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Certification & Members

Certification & Categories of Membership

All Living History Guild Members, male or female, fall into one of four categories.  They may join, and stay at one level of membership, or they may choose to change their membership designation at any time, by meeting the requirements for another level.  Members seeking to portray various impressions must be certified for each impression. It is possible to be an Apprentice for one impression, while being a Craftsman for another.

1. Associate Guild Member

 Associate Members are those who have an interest in Living History, and want to support the work of the Guild, yet either do not want to personally undertake an historic impression, or have not chosen an impression, nor begun an Apprenticeship.

2. Apprentice

 All Guild Members who want to do a Living History impression, must serve an apprenticeship, or must have fulfilled the requirements of apprenticeship. For many, this is as far as they may want to go. An Application to serve an apprenticeship must be made to the Guild, under the sponsorship of a Journeyman or Craftsman. During the apprenticeship, the Apprentice will learn the principles necessary to be a Living Historian. They will undertake research and begin to develop their impression. The 10 foot rule applies to the Apprentice.  That means they must look good from 10 feet away. They must never wear or use any blatant anachronisms. Until they have an approved impression, they should not be one of the primary people speaking to the public.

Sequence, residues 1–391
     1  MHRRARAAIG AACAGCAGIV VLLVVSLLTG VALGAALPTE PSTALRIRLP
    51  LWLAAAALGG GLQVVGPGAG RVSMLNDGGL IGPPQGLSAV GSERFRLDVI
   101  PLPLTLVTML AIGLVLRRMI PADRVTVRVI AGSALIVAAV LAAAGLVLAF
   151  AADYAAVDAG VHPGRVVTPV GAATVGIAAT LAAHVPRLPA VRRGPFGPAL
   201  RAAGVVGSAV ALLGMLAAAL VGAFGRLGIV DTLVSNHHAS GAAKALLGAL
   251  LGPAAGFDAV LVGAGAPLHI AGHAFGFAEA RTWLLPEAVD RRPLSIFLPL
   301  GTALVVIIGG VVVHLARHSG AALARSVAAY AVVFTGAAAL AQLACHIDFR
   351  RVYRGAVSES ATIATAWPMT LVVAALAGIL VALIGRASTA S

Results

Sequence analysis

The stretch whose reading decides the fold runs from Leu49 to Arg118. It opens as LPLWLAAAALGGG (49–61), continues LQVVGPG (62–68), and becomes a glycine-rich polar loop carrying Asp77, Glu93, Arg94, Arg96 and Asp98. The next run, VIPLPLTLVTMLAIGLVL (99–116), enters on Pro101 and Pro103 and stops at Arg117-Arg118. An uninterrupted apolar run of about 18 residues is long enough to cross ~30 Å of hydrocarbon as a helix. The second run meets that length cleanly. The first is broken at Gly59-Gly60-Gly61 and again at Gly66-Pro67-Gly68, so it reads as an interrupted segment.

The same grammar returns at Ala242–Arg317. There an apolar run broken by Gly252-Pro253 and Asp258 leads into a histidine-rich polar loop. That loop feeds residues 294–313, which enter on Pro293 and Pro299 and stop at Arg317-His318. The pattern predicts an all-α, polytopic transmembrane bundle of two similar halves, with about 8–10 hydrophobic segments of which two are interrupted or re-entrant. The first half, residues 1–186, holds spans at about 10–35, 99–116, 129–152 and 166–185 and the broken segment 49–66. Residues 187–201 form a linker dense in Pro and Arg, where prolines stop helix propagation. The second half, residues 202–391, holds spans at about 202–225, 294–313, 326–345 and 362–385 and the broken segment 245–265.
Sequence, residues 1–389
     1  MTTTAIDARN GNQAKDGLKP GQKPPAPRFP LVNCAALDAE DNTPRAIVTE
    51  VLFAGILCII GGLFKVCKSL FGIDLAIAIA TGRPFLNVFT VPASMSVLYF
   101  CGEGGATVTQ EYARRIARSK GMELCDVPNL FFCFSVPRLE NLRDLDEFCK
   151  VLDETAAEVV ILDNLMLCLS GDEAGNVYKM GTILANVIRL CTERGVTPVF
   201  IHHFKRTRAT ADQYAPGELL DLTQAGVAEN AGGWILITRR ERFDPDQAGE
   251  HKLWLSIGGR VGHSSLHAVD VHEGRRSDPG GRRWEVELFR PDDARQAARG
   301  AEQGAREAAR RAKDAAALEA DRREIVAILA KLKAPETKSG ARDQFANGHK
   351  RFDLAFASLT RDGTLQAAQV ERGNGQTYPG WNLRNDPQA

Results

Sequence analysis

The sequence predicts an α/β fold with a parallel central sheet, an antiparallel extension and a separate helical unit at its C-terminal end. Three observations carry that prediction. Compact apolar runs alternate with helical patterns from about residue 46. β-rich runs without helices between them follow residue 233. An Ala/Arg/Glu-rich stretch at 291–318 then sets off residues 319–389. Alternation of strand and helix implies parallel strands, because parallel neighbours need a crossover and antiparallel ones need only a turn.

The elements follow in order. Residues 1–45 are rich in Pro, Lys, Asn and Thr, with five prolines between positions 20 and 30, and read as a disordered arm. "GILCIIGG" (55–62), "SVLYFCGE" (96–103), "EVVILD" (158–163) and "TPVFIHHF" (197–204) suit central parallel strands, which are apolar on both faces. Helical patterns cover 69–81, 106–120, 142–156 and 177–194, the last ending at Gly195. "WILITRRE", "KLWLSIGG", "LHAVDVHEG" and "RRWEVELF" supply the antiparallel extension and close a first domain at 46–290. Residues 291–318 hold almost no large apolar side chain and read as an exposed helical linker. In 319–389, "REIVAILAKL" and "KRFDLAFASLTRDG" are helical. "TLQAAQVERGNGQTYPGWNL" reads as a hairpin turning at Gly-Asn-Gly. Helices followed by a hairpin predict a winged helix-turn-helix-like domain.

3. Journeyman

 A Living Historian can become a Journeyman after serving an apprenticeship and passing the Journeyman inspection. A Journeyman must look good up close and should be able to speak with the public about their impression.  All items a Journeyman wears or uses, which the public can see, must be made from period correct items and appear to be constructed with period correct methods. If items from their impression were hand stitched, then all visible seams must be hand stitched. If items were machine constructed, then all visible seams must appear machine constructed.

4. Craftsman

 A Living Historian can become a Craftsman when they have mastered their impression, have served for a reasonable time as a Journeyman and have passed the Craftsman inspection. Everything a Craftsman wears or uses, shall be constructed from period correct materials using period methods.  That means any garment that was hand sewn historically must be completely hand sewn.

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